Many Oklahoma residents feel apprehensive about setting up a Trust; others feel that it simply is not worth the time. Wherever families may lie on this spectrum of opinion, many are confused about the meanings of a will or Trust altogether. Below are some accessible facts about a Trust specifically, and how having one may prove advantageous.
First, an article in Forbes explains that, as a whole, a Trust is a group of assets prepared for beneficiaries. Overseen by an appointed Trustee, the management of a Trust involves directions on how assets are to be distributed -- these can include cash, property and other important belongings. A will and a Trust each have a number of benefits, but Forbes points out that Trusts can help one avoid probate, and can even prove more flexible than a will. Although potentially more costly, some families may benefit from Trusts more than others. For instance, those with minor children might want to consider Trusts, since a Trust could allow more control over when, exactly, a child receives money. In addition, Trusts can allow parents to categorize where money will go, such as education or other major life expenses.
When an individual decides to set up a Trust, they may face a wide range of selections. CNN lists the following main types of Trusts:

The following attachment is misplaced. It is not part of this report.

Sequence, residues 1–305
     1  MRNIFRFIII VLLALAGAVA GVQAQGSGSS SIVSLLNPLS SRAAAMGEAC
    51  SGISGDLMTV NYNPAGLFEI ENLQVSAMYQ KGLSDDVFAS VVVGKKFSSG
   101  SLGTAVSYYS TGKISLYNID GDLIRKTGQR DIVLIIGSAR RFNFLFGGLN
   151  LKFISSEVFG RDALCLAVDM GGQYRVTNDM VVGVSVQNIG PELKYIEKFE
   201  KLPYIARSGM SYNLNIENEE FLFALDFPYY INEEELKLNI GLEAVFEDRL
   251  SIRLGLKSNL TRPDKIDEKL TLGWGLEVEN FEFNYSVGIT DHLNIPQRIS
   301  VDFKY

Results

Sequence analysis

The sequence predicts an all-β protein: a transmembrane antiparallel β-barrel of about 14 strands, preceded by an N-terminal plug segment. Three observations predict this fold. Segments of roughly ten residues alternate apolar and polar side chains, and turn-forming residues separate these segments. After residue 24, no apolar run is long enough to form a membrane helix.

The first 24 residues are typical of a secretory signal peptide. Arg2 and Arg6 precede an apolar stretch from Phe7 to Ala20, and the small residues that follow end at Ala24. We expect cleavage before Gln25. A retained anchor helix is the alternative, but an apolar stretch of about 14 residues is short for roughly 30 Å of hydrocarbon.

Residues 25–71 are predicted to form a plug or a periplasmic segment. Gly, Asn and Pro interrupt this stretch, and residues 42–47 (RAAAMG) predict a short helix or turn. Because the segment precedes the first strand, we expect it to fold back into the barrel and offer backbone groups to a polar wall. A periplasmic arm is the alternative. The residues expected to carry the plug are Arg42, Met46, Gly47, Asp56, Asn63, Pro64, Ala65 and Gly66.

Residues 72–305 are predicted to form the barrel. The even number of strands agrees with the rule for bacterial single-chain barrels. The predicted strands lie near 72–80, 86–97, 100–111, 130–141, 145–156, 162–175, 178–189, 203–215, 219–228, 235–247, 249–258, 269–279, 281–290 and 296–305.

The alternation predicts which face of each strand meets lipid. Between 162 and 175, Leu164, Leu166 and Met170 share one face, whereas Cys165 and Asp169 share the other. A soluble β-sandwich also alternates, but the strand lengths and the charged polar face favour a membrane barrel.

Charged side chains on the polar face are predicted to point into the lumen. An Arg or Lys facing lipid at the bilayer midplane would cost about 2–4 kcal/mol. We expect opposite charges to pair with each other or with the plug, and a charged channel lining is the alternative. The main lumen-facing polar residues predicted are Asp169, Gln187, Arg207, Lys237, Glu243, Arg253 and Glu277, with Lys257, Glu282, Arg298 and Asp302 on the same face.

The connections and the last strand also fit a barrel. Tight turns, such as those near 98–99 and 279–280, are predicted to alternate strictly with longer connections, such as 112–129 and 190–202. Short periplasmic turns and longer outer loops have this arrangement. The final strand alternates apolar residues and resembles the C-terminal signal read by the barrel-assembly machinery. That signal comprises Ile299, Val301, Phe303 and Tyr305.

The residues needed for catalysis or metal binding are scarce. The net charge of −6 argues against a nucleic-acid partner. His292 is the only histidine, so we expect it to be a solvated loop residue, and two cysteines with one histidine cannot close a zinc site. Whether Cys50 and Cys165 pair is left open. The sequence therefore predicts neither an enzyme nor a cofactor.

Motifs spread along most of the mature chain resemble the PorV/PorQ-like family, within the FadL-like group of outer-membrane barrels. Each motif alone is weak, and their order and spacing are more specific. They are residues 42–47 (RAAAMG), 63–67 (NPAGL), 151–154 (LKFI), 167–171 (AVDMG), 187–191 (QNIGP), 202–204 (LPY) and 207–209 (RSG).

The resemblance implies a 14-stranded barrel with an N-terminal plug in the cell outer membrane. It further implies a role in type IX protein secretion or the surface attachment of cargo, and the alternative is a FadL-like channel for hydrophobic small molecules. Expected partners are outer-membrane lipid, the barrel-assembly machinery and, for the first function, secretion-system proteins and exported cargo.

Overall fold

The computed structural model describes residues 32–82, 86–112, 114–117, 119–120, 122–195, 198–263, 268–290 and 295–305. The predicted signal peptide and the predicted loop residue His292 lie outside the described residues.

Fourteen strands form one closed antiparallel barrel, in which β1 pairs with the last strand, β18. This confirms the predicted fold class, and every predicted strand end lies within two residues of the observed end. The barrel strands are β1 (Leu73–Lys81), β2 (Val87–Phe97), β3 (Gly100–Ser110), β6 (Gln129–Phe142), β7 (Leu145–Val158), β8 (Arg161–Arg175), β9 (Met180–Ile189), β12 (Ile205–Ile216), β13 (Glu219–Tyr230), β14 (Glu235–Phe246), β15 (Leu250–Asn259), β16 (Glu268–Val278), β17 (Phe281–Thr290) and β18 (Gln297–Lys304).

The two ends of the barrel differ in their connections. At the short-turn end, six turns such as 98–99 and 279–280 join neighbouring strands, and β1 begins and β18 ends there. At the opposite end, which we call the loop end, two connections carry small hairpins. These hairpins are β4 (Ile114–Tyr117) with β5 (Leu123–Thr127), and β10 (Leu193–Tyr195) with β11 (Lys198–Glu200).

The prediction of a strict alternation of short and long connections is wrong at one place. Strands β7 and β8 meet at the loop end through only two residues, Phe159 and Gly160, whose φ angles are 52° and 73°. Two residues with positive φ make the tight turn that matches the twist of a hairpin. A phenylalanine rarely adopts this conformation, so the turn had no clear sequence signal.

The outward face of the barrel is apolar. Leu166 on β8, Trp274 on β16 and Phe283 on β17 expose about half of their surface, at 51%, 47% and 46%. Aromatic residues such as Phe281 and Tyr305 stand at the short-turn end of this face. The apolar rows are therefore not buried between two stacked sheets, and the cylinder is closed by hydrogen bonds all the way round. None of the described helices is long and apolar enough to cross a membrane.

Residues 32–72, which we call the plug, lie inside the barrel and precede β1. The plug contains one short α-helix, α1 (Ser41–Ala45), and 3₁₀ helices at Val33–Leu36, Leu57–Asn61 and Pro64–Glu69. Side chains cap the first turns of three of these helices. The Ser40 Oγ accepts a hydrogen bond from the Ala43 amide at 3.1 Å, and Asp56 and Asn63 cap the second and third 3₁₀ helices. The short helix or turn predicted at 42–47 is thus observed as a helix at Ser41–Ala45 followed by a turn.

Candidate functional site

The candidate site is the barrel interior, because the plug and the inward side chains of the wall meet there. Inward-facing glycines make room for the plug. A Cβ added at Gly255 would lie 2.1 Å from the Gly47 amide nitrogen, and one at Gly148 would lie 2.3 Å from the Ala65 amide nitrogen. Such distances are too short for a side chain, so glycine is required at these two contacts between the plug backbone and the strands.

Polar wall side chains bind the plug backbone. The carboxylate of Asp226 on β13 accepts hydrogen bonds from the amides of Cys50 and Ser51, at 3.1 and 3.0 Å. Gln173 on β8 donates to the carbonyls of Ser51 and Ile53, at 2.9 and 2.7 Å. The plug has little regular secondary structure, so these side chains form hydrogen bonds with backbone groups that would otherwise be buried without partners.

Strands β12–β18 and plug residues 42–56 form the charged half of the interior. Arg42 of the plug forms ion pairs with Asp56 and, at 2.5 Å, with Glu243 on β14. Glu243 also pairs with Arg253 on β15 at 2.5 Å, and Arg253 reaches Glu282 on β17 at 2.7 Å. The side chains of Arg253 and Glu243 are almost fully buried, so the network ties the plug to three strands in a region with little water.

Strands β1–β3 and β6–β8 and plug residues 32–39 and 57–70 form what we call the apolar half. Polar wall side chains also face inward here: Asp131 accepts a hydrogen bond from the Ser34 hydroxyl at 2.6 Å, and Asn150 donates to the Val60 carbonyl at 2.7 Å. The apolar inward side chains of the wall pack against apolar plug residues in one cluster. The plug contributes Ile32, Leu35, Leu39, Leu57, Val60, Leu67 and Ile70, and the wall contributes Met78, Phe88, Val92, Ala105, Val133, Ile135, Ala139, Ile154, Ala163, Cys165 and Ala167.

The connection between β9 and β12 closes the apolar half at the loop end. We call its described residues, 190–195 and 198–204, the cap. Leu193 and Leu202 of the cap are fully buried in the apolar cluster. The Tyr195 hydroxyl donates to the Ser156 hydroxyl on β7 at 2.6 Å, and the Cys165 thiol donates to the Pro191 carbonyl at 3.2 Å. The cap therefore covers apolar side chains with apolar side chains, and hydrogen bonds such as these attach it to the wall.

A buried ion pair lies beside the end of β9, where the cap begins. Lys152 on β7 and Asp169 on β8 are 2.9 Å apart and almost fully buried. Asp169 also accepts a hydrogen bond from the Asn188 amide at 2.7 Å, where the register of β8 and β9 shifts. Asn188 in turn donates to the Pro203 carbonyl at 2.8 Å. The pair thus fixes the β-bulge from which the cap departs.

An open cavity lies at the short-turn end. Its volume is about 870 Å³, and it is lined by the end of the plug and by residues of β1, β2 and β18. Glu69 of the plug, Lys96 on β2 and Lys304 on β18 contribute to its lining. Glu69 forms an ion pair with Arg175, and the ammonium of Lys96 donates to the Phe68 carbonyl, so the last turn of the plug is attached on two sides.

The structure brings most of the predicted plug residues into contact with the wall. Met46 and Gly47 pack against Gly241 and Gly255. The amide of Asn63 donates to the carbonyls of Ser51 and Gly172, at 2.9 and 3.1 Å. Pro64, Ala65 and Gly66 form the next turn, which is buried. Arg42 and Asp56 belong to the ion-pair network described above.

- Qualified terminable interest property Trust
- Qualified personal residence Trust
- Irrevocable life insurance Trust
- Credit-shelter Trust
- Generation-skipping Trust
The above selections can certainly seem overwhelming at first glance, but CNN goes on to describe the details. For families with divorces, remarriages and step-children in the picture, a qualified terminable interest property Trust may be the safest bet. For those who expect the family home to appreciate in value, a qualified personal residence Trust is ideal. An irrevocable life insurance Trust can help one pay estate costs and can provide heirs with cash. As for credit-shelter Trusts, spouses may pass on amounts to a Trust up to an estate-tax exemption, ultimately leaving the surviving spouse with a tax-free estate. Finally, one perk of a generation-skipping Trust allows grandparents to pass on varying amounts of money for grandchildren. No matter the goal, a Trust can help families in a plethora of ways.